Universal face masks for staff and masks or coverings for all patients or visitors should remain an infection prevention or control (IPC) measure within health and care settings in England, Wales and Northern Ireland until at least March or April 2022, the government has said.
The recommendation has come in spite of the removal of mask mandates more generally in England from this week (Thursday).
The guidance from NHS England, the UK Health Security Agency, the Northern Ireland Public Health Agency, and Public Health Wales has also recommended that physical distancing of one metre should still remain, increasing whenever feasible to two metres, across all health and care settings.
Two metres’ distancing should also be in place where patients with suspected or confirmed respiratory infection are being cared for or managed.
In response to omicron and other Covid-19 variants of concern, the guidance has recommended that staff and organisations continue to undertake risk assessments using ‘hierarchy of controls’ measures.
This should include an evaluation of the ventilation in the area, operational capacity, physical distancing and prevalence of Covid-19.
The guidance has also made a range of recommendations for occupational health practitioners working within the NHS, health or care settings.
This has included re-emphasising that “prompt recognition” of cases of respiratory infection among health and care staff remains essential to limiting transmission.
“All staff should be vigilant for any signs of respiratory infection and should not come to work if they have respiratory symptoms. They should seek advice from their IPC teams/occupational health department/GP or employer as per the local policy,” it said.
NHS and Covid-19
Symptomatic staff should avoid contact with people both in the hospital and in the general community, it added, while bank, agency, and locum staff should follow the same deployment advice as permanent staff.
“Systems should be in place to ensure that country-specific vaccination and testing policies are in place as advised by occupational health/public health teams,” the guidance stated.
“Staff who are fully vaccinated against Covid-19 and are a close contact of a case of Covid-19 may be allowed to return to work without the need to self-isolate. There are country-specific variations on the requirements for polymerase chain reaction (PCR) and lateral flow device (LFD) testing, and these policies are under continual review,” it added.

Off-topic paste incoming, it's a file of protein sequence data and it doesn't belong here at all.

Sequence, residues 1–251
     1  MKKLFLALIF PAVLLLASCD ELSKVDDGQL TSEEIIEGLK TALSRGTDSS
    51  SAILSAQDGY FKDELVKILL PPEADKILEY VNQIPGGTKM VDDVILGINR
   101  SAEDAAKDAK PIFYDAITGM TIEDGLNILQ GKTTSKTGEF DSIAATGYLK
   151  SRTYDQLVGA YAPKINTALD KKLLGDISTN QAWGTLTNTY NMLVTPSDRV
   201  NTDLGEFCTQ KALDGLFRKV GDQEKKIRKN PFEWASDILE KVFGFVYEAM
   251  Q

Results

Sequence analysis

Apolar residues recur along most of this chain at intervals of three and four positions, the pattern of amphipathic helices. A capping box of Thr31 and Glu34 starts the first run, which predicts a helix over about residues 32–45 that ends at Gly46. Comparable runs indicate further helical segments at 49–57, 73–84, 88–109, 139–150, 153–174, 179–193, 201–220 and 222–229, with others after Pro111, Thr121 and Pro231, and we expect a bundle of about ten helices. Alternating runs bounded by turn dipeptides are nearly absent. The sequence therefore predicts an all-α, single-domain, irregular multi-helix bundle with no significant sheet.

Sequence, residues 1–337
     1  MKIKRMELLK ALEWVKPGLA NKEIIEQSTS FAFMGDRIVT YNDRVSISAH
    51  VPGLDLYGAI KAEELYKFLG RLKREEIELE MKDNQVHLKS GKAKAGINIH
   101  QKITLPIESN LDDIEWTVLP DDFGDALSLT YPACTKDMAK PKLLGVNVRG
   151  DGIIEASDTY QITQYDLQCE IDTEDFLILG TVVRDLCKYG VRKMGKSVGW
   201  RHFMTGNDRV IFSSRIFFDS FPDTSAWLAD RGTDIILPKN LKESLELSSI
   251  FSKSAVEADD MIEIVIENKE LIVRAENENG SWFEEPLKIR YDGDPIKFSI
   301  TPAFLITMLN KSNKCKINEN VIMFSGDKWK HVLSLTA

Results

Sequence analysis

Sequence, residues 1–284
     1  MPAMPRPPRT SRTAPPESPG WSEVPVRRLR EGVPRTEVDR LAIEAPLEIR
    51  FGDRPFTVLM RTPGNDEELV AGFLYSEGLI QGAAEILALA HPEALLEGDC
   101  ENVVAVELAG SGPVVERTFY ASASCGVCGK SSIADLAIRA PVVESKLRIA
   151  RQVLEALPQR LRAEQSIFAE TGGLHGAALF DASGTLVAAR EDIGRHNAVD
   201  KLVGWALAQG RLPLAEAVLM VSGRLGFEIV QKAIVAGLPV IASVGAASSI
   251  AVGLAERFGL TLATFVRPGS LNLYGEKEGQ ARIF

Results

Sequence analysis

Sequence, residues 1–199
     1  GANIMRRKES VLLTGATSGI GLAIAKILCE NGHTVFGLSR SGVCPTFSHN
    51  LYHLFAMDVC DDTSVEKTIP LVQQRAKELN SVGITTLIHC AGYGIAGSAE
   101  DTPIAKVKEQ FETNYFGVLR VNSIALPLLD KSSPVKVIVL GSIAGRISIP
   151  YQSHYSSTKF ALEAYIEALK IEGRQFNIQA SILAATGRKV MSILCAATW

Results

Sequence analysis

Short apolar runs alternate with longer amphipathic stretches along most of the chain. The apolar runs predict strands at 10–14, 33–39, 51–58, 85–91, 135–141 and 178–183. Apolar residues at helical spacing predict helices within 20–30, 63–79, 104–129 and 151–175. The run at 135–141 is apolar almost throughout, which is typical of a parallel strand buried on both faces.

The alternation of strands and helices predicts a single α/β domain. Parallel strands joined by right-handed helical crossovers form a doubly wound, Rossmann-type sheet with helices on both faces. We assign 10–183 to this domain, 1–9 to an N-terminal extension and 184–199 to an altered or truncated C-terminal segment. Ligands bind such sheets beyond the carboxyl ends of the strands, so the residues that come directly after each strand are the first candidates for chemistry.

The British Medical Association, meanwhile, has welcomed recognition within the guidance that Covid-19 is an aerosol-based virus, or one that primarily spreads through the air rather than on or via surfaces.
Professor Raymond Agius, BMA occupational medicine co-chair, said it was good the guidance had been changed “to reflect undeniable evidence that Covid-19 spreads through the air”, as this would affect the use of and demand for respiratory protective equipment (RPE).
“For doctors and other healthcare staff working in hospitals, having access to safe RPE – such as FFP3 respirators – when they are caring for patients with confirmed or suspected Covid, offers them a level of protection that they should have had for nearly two years. We therefore call on hospital trusts to ensure RPE is available and respirators are fit-tested as quickly as possible,” he added.
However, Professor Agius also emphasised this level of RPE now needed to be extended to GPs and healthcare staff working within primary care. “Now that doctors and healthcare workers in hospitals will be wearing RPE it makes no sense that GP colleagues are still having to make do with ineffective surgical masks, often in small and cramped surgeries, particularly as we know that the omicron variant is highly transmissible,” he said.